Voice problems affect professional voice users more than those who do not use their voice to make a living. Some of the prominent professions that fall under this category include, singers, actors, teachers, politicians, attorneys, and ministers. Literature suggests that school teachers are frequently seen by physicians for problems with their voice. Vocal demand on teachers is high due to the number of students and hours they teach. This research project intends to survey school teachers of Southeast Texas and learn about their voice problems, vocal health, knowledge about voice and vocal hygiene, and coping strategies used when they have a voice problem. The primary aim of this project is to correlate voice problems faced by these teachers to the grade level they teach.

Internet-based health interventions: Examples from hearing healthcare

Vinaya Manchaiah, Au.D., M.B.A., Ph.D., Department of Speech & Hearing Sciences

January 30, 2015, 11:30 a.m.
Speech and Hearing Building, Room 102

In the last decade there has been a significant revolution in technology, both in terms of modernization of technology and its accessibility to people around the world. This trend is global and has also reached low- and middle-income countries. People have been using technology for social interactions, business transaction and also to seek information and solutions to various issues, including health problems. Moreover, there is also increasing use of technology in healthcare service delivery (i.e., tele-medicine) in various healthcare specialties, including hearing healthcare. Internet-based interventions seem to provide equally good results as face-to-face interventions in various health conditions.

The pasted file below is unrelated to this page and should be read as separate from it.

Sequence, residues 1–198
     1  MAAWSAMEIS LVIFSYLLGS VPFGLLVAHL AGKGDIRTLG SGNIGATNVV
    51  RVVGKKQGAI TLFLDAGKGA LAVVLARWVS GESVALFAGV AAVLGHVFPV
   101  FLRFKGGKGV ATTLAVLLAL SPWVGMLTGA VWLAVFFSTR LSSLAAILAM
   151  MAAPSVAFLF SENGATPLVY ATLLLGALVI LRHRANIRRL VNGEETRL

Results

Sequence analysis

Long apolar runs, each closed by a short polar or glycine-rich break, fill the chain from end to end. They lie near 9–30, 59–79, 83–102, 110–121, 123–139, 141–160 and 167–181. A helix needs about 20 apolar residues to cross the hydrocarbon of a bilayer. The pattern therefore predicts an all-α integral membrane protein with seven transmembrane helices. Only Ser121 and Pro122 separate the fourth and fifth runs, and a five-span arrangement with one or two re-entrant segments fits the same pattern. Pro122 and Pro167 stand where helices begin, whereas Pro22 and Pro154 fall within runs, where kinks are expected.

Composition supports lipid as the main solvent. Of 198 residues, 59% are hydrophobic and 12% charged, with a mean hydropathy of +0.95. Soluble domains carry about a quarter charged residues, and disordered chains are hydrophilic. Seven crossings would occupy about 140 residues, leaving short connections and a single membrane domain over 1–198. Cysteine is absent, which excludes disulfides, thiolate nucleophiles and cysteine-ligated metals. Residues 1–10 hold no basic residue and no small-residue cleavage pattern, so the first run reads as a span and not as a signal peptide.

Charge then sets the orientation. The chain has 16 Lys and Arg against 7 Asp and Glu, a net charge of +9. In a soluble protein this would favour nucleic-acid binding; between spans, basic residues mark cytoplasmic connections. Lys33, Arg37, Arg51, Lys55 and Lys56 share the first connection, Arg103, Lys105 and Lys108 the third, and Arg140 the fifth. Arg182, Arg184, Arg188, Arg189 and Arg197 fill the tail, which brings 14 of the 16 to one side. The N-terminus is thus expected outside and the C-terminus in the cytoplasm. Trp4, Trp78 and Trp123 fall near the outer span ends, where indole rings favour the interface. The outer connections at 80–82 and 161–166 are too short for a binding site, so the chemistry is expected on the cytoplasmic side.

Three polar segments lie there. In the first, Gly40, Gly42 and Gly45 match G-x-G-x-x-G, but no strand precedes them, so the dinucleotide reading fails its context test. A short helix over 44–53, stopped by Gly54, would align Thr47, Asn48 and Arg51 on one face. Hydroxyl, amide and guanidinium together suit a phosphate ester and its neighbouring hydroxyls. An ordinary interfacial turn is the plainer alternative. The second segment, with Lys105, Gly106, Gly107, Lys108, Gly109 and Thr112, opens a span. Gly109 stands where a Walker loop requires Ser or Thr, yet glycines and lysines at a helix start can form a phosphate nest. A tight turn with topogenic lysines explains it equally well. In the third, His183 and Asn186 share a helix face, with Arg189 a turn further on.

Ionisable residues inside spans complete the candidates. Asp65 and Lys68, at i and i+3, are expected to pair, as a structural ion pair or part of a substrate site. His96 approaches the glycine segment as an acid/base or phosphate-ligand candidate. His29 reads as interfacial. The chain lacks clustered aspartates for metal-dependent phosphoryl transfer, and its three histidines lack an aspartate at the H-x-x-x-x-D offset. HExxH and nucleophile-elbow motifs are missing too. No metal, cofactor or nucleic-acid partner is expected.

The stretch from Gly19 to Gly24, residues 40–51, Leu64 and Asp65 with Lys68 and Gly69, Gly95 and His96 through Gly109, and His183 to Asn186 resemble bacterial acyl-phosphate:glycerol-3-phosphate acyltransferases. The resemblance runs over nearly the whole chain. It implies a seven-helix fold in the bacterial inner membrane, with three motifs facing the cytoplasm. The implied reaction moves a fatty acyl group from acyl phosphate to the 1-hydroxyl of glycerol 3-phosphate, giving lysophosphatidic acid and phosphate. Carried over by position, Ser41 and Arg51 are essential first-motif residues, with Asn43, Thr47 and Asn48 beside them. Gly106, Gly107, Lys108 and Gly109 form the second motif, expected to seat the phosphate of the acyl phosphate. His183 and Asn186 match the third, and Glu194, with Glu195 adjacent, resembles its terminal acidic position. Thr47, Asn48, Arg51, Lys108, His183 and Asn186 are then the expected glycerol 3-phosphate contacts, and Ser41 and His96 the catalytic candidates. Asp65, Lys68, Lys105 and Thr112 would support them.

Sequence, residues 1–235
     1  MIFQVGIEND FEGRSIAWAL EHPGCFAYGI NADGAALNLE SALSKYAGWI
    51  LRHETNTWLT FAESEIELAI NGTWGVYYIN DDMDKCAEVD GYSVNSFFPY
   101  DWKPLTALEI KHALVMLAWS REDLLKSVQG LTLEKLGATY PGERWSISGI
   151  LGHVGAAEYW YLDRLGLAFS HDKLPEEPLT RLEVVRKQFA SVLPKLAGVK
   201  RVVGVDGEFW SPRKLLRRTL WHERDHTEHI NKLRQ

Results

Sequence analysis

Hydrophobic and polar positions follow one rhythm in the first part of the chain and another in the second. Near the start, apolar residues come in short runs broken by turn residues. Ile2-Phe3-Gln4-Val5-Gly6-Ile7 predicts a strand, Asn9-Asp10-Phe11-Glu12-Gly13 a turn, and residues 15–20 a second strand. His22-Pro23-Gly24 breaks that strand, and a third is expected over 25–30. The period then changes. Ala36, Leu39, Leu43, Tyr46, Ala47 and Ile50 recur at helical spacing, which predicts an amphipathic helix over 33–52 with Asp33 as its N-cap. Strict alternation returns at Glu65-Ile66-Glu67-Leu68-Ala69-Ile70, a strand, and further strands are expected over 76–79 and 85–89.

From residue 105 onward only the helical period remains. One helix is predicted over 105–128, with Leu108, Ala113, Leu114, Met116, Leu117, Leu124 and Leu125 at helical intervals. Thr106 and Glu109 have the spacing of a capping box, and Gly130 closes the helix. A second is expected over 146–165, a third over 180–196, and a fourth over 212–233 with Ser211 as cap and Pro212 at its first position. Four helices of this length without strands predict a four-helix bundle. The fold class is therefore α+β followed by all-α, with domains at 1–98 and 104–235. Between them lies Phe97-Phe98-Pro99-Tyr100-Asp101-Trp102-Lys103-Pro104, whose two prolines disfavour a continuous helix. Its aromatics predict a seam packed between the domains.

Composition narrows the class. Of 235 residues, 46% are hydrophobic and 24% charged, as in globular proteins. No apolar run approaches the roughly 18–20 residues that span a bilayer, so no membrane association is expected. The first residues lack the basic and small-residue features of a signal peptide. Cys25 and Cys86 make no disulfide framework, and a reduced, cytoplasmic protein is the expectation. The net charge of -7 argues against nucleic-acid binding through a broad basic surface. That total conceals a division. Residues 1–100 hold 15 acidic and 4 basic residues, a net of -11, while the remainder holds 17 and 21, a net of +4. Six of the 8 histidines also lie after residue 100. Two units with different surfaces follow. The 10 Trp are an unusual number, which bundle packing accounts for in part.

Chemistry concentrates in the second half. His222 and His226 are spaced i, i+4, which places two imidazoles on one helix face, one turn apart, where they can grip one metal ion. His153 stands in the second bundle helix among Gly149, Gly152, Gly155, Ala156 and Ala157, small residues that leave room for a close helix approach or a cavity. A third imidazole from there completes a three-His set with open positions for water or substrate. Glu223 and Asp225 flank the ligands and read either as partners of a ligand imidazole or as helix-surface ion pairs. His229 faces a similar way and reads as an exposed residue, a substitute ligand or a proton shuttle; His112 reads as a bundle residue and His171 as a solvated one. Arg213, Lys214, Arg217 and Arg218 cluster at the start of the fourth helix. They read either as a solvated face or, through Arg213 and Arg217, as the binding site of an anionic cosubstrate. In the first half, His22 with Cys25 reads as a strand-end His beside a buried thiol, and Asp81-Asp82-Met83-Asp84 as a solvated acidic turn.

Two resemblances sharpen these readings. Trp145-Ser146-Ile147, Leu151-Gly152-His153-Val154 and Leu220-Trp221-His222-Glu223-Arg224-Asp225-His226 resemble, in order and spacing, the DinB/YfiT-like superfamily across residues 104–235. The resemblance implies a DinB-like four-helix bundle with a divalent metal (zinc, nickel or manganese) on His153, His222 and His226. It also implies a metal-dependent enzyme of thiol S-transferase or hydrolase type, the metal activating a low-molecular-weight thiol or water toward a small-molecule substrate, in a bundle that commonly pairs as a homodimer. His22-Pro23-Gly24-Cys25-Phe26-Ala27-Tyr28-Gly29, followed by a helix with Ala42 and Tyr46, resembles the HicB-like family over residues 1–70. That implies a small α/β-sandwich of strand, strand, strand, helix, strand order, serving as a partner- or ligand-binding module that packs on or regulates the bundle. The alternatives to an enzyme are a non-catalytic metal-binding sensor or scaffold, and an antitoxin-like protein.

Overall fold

In this talk, I discuss some applications of Internet-based interventions in hearing and balance disorders. However, the focus of the talk would also include some futuristic comments on how such a mode of treatment could be helpful in other areas of health and disability. This talk also highlights the interdisciplinary nature of contributions from hearing healthcare professionals, psychologists, computer scientists and learning technologists. 

The relationship between comfortable loudness range and behavioral auditory dynamic range in older listeners with and without sensorineural hearing loss

Ashley Dockens, Au.D., Department of Speech & Hearing Sciences
Audiology Instructor

March 6, 2015, 11:30 a.m.
Speech and Hearing Building, Room 102